Pub Date: Aug. 26, 1946

ISBN: 0452277507

Page Count: 114

Publisher: Harcourt, Brace

Review Posted Online: Nov. 2, 2011

Kirkus Reviews Issue: Aug. 1, 1946

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With her second novel, Ng further proves she’s a sensitive, insightful writer with a striking ability to illuminate life in...

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LITTLE FIRES EVERYWHERE

This incandescent portrait of suburbia and family, creativity, and consumerism burns bright.

It’s not for nothing that Ng (Everything I Never Told You, 2014) begins her second novel, about the events leading to the burning of the home of an outwardly perfect-seeming family in Shaker Heights, Ohio, circa 1997, with two epigraphs about the planned community itself—attesting to its ability to provide its residents with “protection forever against…unwelcome change” and “a rather happy life” in Utopia. But unwelcome change is precisely what disrupts the Richardson family’s rather happy life, when Mia, a charismatic, somewhat mysterious artist, and her smart, shy 15-year-old daughter, Pearl, move to town and become tenants in a rental house Mrs. Richardson inherited from her parents. Mia and Pearl live a markedly different life from the Richardsons, an affluent couple and their four high school–age children—making art instead of money (apart from what little they need to get by); rooted in each other rather than a particular place (packing up what fits in their battered VW and moving on when “the bug” hits); and assembling a hodgepodge home from creatively repurposed, scavenged castoffs and love rather than gathering around them the symbols of a successful life in the American suburbs (a big house, a large family, gleaming appliances, chic clothes, many cars). What really sets Mia and Pearl apart and sets in motion the events leading to the “little fires everywhere” that will consume the Richardsons’ secure, stable world, however, is the way they hew to their own rules. In a place like Shaker Heights, a town built on plans and rules, and for a family like the Richardsons, who have structured their lives according to them, disdain for conformity acts as an accelerant, setting fire to the dormant sparks within them. The ultimate effect is cataclysmic. As in Everything I Never Told You, Ng conjures a sense of place and displacement and shows a remarkable ability to see—and reveal—a story from different perspectives. The characters she creates here are wonderfully appealing, and watching their paths connect—like little trails of flame leading inexorably toward one another to create a big inferno—is mesmerizing, casting into new light ideas about creativity and consumerism, parenthood and privilege.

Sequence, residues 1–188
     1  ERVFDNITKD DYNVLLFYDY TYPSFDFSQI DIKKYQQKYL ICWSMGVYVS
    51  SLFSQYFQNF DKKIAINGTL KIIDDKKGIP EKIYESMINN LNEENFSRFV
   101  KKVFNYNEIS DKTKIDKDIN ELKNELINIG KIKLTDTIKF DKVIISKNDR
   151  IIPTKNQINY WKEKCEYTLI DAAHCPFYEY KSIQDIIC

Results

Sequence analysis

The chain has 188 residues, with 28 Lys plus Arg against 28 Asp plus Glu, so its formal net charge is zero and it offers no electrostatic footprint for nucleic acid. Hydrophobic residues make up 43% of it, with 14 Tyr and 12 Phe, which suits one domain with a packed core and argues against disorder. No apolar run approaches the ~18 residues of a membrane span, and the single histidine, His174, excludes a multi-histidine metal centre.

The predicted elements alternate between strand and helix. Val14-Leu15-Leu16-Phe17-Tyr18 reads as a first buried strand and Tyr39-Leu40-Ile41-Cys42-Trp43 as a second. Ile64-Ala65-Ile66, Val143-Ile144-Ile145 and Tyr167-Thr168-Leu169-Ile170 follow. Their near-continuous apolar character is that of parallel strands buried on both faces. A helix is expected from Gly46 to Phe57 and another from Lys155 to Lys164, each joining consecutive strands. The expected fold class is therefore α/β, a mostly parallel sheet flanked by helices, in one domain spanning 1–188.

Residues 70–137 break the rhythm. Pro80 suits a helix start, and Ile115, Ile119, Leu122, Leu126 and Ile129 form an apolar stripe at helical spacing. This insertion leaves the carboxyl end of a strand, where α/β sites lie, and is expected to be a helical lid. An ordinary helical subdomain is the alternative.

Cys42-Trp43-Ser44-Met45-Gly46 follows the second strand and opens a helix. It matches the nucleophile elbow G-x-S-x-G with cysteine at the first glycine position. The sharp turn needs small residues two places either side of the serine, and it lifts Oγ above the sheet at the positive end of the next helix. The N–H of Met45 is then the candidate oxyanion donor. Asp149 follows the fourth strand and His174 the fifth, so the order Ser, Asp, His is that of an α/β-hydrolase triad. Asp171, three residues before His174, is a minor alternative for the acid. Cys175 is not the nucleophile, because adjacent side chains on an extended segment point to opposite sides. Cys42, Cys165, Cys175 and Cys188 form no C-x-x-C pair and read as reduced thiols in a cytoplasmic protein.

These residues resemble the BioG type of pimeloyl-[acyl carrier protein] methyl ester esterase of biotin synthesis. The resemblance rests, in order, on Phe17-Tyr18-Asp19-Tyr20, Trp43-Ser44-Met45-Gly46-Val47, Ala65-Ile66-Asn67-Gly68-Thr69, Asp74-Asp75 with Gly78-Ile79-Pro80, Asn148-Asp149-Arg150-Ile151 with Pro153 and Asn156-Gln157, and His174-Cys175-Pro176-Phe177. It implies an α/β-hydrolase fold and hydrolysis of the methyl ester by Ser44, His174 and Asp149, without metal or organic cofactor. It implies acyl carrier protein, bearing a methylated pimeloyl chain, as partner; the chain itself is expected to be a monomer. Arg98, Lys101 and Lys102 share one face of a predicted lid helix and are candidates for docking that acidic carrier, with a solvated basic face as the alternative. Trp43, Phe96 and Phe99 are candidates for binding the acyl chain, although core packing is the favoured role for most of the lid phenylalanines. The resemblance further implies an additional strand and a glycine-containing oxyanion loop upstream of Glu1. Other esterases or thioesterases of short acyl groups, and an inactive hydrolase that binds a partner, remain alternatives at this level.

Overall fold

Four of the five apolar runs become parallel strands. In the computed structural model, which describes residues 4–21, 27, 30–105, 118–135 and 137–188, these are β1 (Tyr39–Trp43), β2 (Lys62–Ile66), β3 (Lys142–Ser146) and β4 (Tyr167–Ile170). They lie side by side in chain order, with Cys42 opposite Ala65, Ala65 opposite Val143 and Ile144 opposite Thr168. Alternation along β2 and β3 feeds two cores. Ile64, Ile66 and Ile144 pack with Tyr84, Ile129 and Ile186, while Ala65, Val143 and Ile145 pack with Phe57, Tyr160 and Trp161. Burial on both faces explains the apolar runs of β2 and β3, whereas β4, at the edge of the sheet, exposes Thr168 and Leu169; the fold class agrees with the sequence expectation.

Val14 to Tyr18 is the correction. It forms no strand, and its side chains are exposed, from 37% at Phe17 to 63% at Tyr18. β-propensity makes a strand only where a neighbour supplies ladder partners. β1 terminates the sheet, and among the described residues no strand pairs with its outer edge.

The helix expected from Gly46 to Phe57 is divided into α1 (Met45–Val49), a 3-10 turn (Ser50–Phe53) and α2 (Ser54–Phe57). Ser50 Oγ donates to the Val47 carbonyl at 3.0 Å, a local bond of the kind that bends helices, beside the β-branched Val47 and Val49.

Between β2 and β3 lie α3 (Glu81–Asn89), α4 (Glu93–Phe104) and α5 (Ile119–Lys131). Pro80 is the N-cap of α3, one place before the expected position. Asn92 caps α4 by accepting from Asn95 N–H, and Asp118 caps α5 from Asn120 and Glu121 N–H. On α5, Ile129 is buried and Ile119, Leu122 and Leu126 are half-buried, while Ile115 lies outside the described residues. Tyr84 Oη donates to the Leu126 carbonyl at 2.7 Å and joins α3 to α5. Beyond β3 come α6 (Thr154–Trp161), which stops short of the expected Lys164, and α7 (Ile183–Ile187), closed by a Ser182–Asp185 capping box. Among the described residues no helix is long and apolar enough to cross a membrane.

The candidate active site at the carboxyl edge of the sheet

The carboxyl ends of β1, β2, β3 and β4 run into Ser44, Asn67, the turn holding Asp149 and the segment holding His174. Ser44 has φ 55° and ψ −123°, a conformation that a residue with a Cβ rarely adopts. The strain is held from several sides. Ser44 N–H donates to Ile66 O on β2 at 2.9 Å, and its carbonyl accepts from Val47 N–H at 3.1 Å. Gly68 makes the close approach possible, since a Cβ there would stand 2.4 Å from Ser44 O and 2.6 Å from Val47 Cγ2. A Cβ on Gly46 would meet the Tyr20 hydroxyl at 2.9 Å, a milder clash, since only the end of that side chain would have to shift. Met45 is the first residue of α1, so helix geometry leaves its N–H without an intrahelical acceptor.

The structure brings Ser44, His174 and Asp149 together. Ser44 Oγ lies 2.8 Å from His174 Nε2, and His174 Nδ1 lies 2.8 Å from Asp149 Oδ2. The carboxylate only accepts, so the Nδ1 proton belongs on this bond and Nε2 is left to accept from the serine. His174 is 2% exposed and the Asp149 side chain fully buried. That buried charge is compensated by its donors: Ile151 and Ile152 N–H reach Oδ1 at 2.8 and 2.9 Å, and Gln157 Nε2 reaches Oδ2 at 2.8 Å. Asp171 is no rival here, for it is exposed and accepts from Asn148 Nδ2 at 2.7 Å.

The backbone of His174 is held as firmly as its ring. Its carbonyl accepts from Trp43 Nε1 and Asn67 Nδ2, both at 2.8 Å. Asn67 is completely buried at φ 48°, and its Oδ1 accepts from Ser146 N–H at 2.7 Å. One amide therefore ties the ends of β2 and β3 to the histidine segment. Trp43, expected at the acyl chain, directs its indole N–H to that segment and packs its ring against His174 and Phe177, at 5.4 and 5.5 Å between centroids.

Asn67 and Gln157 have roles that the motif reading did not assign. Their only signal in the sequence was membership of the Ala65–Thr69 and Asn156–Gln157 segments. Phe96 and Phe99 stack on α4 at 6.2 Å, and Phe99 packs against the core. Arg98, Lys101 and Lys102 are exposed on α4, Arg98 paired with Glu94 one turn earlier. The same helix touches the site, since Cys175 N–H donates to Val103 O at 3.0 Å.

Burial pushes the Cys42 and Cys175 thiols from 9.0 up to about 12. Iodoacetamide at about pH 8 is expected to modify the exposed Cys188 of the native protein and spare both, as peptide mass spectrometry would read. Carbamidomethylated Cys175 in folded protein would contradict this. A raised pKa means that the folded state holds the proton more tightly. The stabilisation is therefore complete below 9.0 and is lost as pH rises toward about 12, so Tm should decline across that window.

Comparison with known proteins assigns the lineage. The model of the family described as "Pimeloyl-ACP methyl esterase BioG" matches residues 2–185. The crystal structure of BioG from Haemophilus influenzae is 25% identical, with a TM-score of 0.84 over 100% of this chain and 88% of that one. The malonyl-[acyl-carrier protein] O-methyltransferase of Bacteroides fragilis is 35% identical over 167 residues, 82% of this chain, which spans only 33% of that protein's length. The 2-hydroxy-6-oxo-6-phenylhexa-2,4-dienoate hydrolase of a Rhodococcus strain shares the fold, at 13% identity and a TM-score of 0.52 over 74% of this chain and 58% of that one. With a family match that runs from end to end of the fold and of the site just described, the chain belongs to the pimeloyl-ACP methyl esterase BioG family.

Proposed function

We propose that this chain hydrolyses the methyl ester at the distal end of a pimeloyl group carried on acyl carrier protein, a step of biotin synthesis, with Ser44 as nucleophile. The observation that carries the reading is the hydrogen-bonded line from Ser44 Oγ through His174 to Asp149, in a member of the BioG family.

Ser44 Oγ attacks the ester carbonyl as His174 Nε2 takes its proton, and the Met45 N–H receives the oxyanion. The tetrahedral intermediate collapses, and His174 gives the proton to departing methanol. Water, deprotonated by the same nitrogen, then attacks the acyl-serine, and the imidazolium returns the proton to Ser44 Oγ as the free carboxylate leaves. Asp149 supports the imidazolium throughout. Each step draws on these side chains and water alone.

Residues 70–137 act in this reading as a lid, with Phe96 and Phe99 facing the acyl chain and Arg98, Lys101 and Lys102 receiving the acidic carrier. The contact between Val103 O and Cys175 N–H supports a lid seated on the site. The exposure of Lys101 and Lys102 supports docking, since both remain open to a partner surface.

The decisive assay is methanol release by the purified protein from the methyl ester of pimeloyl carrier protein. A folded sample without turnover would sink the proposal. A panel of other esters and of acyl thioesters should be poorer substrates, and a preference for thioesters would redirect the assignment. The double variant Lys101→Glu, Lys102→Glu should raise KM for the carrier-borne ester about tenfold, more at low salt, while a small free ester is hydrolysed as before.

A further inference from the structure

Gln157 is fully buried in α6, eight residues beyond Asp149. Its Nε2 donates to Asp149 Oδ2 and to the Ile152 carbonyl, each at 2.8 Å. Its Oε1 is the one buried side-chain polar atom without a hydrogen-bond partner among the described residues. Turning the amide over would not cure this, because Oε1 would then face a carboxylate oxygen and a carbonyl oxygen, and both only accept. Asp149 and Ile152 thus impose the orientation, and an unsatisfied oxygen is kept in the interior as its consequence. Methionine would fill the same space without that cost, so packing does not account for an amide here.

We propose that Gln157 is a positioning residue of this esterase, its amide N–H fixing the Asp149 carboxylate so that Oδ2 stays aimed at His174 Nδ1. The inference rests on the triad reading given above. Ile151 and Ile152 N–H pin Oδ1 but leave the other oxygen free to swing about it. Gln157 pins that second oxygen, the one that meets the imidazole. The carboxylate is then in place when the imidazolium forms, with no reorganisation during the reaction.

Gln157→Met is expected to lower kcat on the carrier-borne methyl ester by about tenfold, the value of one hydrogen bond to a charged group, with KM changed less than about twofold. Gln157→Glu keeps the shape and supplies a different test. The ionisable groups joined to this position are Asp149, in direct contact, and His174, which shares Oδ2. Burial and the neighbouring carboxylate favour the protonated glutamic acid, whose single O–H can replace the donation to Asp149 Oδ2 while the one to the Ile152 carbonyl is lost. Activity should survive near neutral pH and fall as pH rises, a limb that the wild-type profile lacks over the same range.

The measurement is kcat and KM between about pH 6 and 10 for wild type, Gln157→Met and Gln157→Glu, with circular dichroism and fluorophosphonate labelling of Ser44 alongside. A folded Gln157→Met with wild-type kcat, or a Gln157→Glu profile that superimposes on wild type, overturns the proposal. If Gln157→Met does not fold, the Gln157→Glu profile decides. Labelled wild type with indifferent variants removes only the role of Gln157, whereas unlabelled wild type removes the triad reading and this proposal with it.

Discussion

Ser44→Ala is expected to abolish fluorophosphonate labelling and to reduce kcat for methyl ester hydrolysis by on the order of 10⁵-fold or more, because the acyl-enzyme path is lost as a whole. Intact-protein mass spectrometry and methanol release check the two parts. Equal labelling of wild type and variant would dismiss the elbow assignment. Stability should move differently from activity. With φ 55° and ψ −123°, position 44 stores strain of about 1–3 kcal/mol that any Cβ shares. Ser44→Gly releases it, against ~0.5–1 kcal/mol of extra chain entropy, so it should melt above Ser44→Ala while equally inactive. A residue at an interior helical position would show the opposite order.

With her second novel, Ng further proves she’s a sensitive, insightful writer with a striking ability to illuminate life in America.

Pub Date: Sept. 12, 2017

ISBN: 978-0-7352-2429-2

Page Count: 384

Publisher: Penguin Press

Review Posted Online: June 20, 2017

Kirkus Reviews Issue: July 1, 2017